In the New York Magazine article, "Money Chooses Sides," note the composition of the photograph that accompanies it. I do not think it is accidental. I do not know if the photographer (or even Obama himself) intended the tableau, but of all the pictures doubtless taken of the event, this was the one selected by the magazine's editors to illustrate Obama's influence. Their motive may have been mockery of the guests or unintended adulation of Obama. That is irrelevant. The picture captures the essence of Obama's appeal.
Obama seems to descend the stairs, microphone in hand, looking very preacherly as he brings the "gospel" to the mortals below. All the mortals gape up at him with undisguised worship, as though he were indeed a messiah or savior, and are hanging on his every word. Remember that these are all Park and Fifth Avenue millionaires there by RSVP. A good political cartoonist could render the photograph to show Obama in Moses-like robes, one hand raised with an instructive finger pointed in the air, the other arm cradling two stone tablets with the Ten Commandments of socialism (the words, however, would be fuzzy and nearly illegible).
The only person not gaping at Obama is George Soros, seated directly behind Obama's left. He looks vaguely bored but also smugly content with what he is hearing and with the undivided attention of the other guests.
Then, another point I did not dwell on, for I wished to leave the reader to make his own inferences, is why so many wealthy people are throwing their money and support behind Obama. Basically, and this is connected to his making them feel good, it is a form of penance for and expiation of the "sin" of wealth, not unlike that being performed by Bill Gates and Warren Buffet. This picture was taken long before Obama "resigned" from Jeremiah Wright's church, but one cannot help but suspect that he and his campaign managers were consciously but subtly instituting the Obama Church of Hope, Change, and Salvation.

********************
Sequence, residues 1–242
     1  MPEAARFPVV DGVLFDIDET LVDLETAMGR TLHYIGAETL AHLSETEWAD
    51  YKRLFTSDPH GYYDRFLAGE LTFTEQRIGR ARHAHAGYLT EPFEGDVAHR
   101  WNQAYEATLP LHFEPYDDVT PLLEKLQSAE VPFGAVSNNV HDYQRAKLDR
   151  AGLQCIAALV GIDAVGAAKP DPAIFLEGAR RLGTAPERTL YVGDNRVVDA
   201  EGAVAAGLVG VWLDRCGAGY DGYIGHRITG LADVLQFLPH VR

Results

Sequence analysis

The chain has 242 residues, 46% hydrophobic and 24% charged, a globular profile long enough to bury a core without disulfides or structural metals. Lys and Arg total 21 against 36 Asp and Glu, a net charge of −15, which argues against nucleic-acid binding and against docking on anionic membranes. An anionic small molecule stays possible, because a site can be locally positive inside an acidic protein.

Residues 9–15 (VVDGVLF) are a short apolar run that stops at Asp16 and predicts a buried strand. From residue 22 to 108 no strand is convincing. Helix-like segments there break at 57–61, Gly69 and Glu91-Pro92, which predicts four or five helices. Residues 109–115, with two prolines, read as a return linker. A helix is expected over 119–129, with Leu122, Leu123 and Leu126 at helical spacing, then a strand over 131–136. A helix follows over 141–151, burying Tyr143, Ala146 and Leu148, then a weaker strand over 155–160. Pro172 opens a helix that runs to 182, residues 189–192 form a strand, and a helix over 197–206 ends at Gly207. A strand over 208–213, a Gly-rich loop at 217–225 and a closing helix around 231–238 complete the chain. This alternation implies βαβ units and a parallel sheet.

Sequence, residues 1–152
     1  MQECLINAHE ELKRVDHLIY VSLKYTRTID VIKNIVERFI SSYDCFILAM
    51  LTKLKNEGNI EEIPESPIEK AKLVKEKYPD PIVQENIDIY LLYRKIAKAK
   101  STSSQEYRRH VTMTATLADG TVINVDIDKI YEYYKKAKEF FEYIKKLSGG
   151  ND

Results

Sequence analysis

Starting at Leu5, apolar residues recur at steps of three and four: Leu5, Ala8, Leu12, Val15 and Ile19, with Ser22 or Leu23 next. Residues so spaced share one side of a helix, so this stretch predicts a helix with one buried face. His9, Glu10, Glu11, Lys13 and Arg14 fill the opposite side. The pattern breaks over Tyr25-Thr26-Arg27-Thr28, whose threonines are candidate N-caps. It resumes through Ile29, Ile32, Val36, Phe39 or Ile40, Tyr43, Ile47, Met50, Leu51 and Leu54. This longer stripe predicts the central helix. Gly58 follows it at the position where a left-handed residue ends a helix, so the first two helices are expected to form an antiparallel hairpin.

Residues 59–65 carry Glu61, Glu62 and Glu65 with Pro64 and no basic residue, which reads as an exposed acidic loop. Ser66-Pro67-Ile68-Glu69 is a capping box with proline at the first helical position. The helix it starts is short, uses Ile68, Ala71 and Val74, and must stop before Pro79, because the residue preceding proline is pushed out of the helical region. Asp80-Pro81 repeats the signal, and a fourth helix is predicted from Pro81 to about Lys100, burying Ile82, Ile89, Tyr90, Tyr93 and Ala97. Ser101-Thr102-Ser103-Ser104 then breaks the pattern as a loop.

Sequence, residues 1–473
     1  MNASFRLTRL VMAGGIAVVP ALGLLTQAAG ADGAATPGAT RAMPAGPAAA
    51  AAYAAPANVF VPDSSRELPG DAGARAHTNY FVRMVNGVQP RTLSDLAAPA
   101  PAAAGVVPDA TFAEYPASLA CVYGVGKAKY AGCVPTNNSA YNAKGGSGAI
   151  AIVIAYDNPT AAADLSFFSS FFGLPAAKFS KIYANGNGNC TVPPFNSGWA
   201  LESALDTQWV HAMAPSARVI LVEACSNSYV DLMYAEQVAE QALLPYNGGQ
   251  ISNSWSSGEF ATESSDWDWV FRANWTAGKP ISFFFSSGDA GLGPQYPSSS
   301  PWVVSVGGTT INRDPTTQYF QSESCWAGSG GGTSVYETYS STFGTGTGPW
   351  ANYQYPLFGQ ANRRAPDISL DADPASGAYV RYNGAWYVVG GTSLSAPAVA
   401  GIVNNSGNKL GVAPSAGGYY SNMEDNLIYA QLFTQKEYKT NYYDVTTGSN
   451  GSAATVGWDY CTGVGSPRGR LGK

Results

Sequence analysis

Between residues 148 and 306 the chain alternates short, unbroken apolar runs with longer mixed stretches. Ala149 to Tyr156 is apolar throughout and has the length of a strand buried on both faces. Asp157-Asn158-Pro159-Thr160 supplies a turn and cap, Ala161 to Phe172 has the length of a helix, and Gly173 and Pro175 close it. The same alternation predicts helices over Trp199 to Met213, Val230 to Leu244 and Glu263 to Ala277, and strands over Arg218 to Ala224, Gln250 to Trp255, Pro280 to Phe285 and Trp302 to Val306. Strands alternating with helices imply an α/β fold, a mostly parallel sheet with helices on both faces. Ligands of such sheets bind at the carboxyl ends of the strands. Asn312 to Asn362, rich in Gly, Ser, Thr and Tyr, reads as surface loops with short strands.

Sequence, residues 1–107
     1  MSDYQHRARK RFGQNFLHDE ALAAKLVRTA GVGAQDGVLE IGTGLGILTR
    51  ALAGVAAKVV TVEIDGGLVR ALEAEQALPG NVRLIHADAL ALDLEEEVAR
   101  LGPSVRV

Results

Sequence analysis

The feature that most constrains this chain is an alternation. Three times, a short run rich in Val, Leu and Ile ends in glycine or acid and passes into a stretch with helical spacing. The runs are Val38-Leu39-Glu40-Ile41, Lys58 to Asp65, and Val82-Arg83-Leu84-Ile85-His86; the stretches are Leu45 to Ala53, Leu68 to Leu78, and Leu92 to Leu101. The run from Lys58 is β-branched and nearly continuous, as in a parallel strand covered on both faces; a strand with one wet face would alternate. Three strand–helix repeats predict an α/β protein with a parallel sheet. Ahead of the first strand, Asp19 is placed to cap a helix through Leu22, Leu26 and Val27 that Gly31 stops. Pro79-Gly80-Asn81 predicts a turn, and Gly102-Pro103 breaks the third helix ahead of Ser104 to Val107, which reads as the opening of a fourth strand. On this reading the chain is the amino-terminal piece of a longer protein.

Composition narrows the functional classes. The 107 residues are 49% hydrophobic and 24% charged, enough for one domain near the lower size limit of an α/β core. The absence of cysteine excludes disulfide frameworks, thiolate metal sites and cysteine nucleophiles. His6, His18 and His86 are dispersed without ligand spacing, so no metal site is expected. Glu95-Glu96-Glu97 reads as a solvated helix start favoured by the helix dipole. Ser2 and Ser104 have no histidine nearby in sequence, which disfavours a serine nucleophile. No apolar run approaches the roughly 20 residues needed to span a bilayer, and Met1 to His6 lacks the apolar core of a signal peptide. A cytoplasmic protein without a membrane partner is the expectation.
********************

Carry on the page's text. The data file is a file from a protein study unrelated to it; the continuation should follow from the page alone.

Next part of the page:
I end this postscript with a brief excerpt from Book II: Hugh Kenrick, of the Sparrowhawk series (pp. 115-116). Political and charity events to raise money from the wealthy and the politically influential are nothing new. The place is London, the time, 1755:
Bucklad House had undergone lengthy renovations, and the Pumphretts wished to mark their completion with a concert, to which were invited a list of London worthies. Lady Chloe, wife of Sir Henoch Pannell...was the mover behind this event. A donation of five guineas per person was levied, the receipts to be given to Lady Chloe's own organization, the Westminster Charity for London Waifs. "She's doing her penance early," confided Sir Henoch with sly derision to friends in the Commons who had been invited to the concert, "so that she may enjoy the rest of the season without the encumbrance of conscience. She is essentially a moral woman."